Why Would Anyone Believe in God?

Why Would Anyone Believe in God?

3.75 (68 ratings by Goodreads)
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Because of the design of our minds. That is Justin Barrett's simple answer to the question of his title. With rich evidence from cognitive science but without technical language, psychologist Barrett shows that belief in God is an almost inevitable consequence of the kind of minds we have. Most of what we believe comes from mental tools working below our conscious awareness. And what we believe consciously is in large part driven by these unconscious beliefs. Barrett demonstrates that beliefs in gods match up well with these automatic assumptions; beliefs in an all-knowing, all-powerful God match up even better. Barrett goes on to explain why beliefs like religious beliefs are so widespread and why it is very difficult for our minds to think without them. Anyone who wants a concise, clear, and scientific explanation of why anyone would believe in God should pick up Barrett's book.
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Product details

  • Paperback | 152 pages
  • 155 x 232 x 8mm | 222g
  • California, United States
  • English
  • 0759106673
  • 9780759106673
  • 587,348

Table of contents

1 Preface 2 What does it mean to "believe"? 3 Where Do Beliefs in Gods Come From? Religious Concepts as Minimally Counterintuitive 4 Where Do Beliefs in Gods Come From? Finding Agents Everywhere 5 Where Do Gods Come From? Additional Factors that Contribute to Gods' Credibility 6 How Religious Actions Enhance Belief in Gods 7 The Naturalness of Belief in God 8 The Naturalness of Believing in Minds: An Analog for Understanding Belief in God 9 Why Would Anyone NOT Believe in God? 10 In Conclusion
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Review quote

For millennia, philosophers and others have offered explanations of religious belief. Barrett's discussion challenges every explanation I know of, doing so on the basis of fascinating and innovative empirical studies, and acute philosophical analysis. His theory is innovative, compelling, and provocative at many points, not least in its conclusion that theism, not atheism, is our natural condition. It's the sort of book that shakes up the field; all philosophers and psychologists of religion will have to take account of it. -- Nicholas Wolterstorff, Noah Porter Professor Emeritus of Philosophical Theology, Yale University A brilliant and challenging presentation of the cognitive study of religion, by a psychologist who practically invented the field. Barrett marries exceptional conceptual rigour with an easy, accessible style. This should provide a much-needed guide for students and scholars of religion as well as a roadmap for future developments in the field. -- Pascal Boyer, Washington University in St. Louis, Author of Religion Explained In a beautifully argued presentation, Justin Barrett brings together diverse material from cognitive psychology to show that belief in God is natural. Belief is intuitively satisfying because it depends on mental tools possessed by all human beings. That it is natural does not imply that it is true, for the mental tools were elaborated through natural and cultural selection to help humans survive, not to find truth. This book will become a classic for religious studies, and should be read by anthropologists, theologians, and scientists, as well as all those puzzled by the force of religion. -- Robert Hinde, Cambridge University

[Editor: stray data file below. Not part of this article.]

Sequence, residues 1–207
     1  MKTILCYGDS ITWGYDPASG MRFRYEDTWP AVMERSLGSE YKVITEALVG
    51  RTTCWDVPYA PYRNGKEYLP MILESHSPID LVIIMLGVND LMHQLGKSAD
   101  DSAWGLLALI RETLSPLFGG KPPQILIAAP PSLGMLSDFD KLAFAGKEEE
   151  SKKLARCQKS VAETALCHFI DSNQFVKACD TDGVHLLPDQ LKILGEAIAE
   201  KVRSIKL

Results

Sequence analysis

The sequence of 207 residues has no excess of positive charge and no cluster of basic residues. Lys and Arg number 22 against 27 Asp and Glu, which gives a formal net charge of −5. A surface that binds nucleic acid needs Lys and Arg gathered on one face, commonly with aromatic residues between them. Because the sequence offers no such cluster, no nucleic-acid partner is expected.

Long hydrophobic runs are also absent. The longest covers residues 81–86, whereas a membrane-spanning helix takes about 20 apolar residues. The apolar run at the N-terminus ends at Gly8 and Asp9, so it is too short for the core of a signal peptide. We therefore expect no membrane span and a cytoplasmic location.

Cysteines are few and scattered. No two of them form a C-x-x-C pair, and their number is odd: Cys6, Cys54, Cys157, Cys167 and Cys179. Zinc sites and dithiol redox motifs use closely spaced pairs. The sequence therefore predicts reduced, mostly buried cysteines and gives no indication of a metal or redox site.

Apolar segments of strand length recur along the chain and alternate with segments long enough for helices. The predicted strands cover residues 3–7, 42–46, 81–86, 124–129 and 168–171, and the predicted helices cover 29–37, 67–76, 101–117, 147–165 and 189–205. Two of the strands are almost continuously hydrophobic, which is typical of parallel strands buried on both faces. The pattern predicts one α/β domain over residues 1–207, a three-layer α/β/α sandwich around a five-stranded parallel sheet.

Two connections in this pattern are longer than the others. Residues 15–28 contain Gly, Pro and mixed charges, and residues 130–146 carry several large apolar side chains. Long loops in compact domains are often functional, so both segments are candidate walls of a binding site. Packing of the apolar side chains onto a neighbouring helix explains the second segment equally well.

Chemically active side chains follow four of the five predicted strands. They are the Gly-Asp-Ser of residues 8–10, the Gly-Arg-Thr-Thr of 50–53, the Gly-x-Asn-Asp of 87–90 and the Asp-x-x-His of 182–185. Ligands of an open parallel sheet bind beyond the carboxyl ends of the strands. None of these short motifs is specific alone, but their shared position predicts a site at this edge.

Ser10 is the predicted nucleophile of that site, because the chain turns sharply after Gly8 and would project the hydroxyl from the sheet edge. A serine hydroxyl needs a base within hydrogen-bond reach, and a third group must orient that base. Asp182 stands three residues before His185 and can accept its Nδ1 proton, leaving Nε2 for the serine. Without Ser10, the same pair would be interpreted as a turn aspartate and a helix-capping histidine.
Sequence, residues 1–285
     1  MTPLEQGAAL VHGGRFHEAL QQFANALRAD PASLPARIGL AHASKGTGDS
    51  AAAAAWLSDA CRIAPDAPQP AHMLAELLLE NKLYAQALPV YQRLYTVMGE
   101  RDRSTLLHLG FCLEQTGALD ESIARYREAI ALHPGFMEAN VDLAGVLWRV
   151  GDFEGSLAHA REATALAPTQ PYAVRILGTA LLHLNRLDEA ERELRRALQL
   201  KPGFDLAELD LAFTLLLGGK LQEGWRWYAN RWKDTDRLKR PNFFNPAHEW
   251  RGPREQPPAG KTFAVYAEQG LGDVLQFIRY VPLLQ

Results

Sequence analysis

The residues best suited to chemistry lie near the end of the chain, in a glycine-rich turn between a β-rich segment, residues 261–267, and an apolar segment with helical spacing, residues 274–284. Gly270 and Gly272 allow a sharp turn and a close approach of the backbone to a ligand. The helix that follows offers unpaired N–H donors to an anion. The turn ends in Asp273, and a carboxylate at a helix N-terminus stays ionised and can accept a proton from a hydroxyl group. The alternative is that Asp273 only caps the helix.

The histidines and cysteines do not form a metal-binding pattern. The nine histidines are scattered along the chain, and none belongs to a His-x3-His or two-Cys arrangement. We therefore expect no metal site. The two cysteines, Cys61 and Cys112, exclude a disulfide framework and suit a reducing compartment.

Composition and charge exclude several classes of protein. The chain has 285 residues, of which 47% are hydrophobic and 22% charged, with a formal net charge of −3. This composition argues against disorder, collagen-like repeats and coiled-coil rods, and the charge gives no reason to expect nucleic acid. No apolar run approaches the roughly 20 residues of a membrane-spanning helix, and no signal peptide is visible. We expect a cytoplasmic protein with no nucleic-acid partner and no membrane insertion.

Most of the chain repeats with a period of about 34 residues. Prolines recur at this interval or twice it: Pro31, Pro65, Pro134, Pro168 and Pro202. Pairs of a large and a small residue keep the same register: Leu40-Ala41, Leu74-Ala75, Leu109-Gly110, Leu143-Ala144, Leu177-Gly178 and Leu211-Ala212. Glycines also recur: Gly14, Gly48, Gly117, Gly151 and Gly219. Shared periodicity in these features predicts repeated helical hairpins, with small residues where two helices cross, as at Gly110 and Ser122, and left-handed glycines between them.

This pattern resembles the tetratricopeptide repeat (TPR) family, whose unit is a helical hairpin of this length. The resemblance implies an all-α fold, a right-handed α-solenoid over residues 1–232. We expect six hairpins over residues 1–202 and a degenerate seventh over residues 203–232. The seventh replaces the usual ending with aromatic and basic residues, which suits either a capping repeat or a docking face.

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About Justin L. Barrett

After completing his Ph.D. in experimental psychology at Cornell University, Justin Barrett served on the psychology faculties of Calvin College (Michigan) and the University of Michigan (Ann Arbor), and as a research fellow of the Institute for Social Research. Recently, he was the Associate Director for the International Culture and Cognition Consortium and an editor of the Journal of Cognition and Culture. His cross-cultural, developmental, and experimental research on religious concepts has appeared in numerous books and scholarly journals. Dr. Barrett currently provides consulting on numerous research and evaluation projects for academic and non-profit groups, especially concerning the interface of science and religion.
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Rating details

68 ratings
3.75 out of 5 stars
5 24% (16)
4 43% (29)
3 22% (15)
2 9% (6)
1 3% (2)
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